21. Flat Mr. Davis, seen right next to Anne and the orange meter reel, helped Anne as she lowered Joyful’s Secchi disk into the lagoon at Bora Bora. Fifth grade science students from Round Hill Elementary School kindly made the Secchi disk for Joyful.

22. Joyful’s Secchi disk submerged into Bora Bora’s lagoon water next to Joyful’s floating dock. The Secchi depth of 8 meters 20 centimeters was obtained. Scientists studying phytoplankton are interested in the readings.

23. Birds were a common sight in Bora Bora. Even if we could not identify a bird in a photo we took, scientists at the Cornell Lab of Ornithology were still interested in the photo. They are studying migration patterns of birds.

24. This is a photo from the internet of a adult brown booby. Many flew over Joyful from Panama to Bora Bora, and they are a welcomed sight in Bora Bora, too.

25. A poster in Bora Bora warning about the invasive red-vented bulbul bird that is destroying plant and animal life in French Polynesia. It says to call the police if you sight one.

26. Joyful’s view of Polynesian dancers in Teiva’s garden.

27. The beautiful Polynesian dancer, Tamatea, from the Faanui dance troup. Banana leaves, feathers, and shells making up her clothes had to be from French Polynesia, and locally made as well. Her mother and grandmother made the traditional clothes.

28. Bora Bora locals from the dance troup, Faanui, practice Polynesian dances for a Heiva starting Friday, June 19.

29. Dancers, drummers and a choir from the group, Nunue, practiced almost every night in preparation for the Heiva, starting June 19 in Vaitape. Bill, Jeff, and I observed their practice sessions many times.

30. Young women from the group, Nunue, practiced Polynesian dances almost every night.

31. Young men from the dance troup, Nunue, practiced Polynesian dances.

32. Bora Bora locals from 13 years and up practiced their Polynesian dances. This group was the Nunue dance troup from Vaitape, Bora Bora.

33. Anne posed with the nice local lady from Vaitape, Bora Bora, who made the flower couronne de tete (crown of flowers) from her garden in Bora Bora. Men and women wear these crowns any time they wish, for every day use, or any occasion.

34. Anne wore the popular couronne de tete (crown of flowers) made by a local woman living in Vaitape, Bora Bora, near Joyful. The yellow flowers were in the church garden in Vaitape, where Anne and Jeff attend church while in Bora Bora.

35. Jeff and Anne relaxing at the MaiKai Marina near Joyful in Bora Bora.

36. Jeff, Anne & Luc, the wonderful rally cooridinator for the Blue Planet Odyssey, greeted one another in Bora Bora. Luc brought Anne a present from Jimmy, which is the beautiful scarf made of high tech UV blocking fabric. Thank you Jimmy and Luc!

37. There was one road circling the island of Bora Bora. This view near Teiva’s house, faced the town of Vaitape. Mr. Pahia, a 661 meter high volcanic peak was in the distance, and Vaitape was at its base.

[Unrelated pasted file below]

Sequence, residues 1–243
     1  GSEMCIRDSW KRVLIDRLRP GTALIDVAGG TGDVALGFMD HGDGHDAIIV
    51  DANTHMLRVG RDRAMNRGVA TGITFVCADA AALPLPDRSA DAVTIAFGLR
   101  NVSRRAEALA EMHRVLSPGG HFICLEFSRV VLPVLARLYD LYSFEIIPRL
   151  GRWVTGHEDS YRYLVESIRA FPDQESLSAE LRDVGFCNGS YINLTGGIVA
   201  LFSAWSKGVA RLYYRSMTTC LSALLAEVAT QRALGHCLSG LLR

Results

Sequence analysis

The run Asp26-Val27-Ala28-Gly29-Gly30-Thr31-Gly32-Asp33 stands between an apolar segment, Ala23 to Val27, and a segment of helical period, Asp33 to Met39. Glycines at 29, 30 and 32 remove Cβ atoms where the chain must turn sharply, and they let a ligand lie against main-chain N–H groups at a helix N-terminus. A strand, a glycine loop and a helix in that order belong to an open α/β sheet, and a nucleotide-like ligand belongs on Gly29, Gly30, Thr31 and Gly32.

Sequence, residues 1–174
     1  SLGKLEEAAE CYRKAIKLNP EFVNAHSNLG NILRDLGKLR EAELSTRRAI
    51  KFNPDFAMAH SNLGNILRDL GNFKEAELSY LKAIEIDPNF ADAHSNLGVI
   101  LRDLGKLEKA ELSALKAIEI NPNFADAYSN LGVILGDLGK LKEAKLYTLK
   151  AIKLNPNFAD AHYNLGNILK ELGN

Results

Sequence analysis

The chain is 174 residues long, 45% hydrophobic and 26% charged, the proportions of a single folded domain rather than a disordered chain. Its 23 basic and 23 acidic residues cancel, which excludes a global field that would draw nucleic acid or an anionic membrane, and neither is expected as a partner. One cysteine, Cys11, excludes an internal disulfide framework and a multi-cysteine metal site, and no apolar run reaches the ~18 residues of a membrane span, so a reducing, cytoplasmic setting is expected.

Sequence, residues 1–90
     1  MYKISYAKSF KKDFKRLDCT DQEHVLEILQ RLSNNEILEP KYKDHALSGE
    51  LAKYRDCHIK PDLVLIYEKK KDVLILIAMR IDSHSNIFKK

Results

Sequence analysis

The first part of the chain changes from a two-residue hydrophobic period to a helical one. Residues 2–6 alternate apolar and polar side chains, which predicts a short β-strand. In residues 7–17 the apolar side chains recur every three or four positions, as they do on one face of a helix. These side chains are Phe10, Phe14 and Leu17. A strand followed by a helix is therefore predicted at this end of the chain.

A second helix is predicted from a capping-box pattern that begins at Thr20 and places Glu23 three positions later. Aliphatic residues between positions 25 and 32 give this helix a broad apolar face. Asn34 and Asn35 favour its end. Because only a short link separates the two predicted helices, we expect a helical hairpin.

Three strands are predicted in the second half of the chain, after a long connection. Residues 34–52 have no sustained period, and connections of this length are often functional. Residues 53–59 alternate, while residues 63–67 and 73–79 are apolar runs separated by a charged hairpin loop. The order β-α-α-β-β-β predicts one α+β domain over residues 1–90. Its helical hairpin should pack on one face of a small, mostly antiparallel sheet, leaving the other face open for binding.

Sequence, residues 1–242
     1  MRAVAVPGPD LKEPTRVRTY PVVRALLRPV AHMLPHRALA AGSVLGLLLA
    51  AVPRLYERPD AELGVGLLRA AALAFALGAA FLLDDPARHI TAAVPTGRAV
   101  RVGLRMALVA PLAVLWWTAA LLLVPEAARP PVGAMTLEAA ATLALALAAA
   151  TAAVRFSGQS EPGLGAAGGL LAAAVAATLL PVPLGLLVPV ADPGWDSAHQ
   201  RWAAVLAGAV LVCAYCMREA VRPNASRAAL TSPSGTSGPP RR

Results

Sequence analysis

38. Freshly caught red tuna fish were for sail at US$10 per pound. The fishermen sold their fish in front of their houses on the road to Vaitape. All the red or white tuna fish we ate in Bora Bora and Nuku Hiva were scrumptious! Raw or cooked!

39. One of the favorite foods of French Polynesia is what is called in French, Poisson Cru au Lait de Coco , which is raw fish in coconut milk and lime juice, served with slices of cucumber, carrots, and sometimes other local vegetables.

40. The exordinary Mediterranean style villa in Bora Bora where Jeff & Anne stayed a few nights.

41. The Bora Bora villa had breathtakingly beautiful views of Bora Bora’s mountains, lagoon and the South Pacific Ocean beyond the coral reef. This view showed Mt. Otemanu and Mt. Pahia.

42. We enjoyed the views from our verandah at the villa in Bora Bora day or night. Staying there was like a wonderful dream because of the ambiance of the architecture, natural beauty, the owner’s artwork, and his warm personality. Merci!

43. Anne took her guitar to the villa in Bora Bora.

44. Anne on her way to give an art ministry event in Bora Bora. Anne is wearing a Bora Bora flower crown on her head. Women and men wear them in French Polynesia any day, to church, and for special occations.

45. Anne with some art ministry students in Bora Bora. They enjoyed painting for hours, even the young 7 year old girl who was not in this photo!

46. For the first art ministry class in Bora Bora, Anne used her painting of the sea turtle she painted in Key West to show how an artist can incorporate verses from the Bible into their designs.

48. The Catholic Church in Vaitape, was always filled with worshipers. The services were given in a mixture of French and Tahitian languages. Locals welcomed Jeff and Anne, sometimes with the French greeting of a kiss on both sides of the face, or a hand shake, or a smile with Polynesian friendly words.

49. A Catholic church procession in Vaitape, Bora Bora.

50. The Catholic church held a procession outside near the foot of Mt. Pahia. A local man played the conch shell to praise the Lord during the procession, as he did at certain times during the church services in the sanctuary.

51. While in Bora Bora, Jeff opened a super handmade card from Johnny, a student at the Round Hill Elementary School. Johnny asked if we had seen a shark. Not yet, Johnny, but we know they are out there watching Joyful! We will let you know when we do see a shark! Thank you for your awesome card!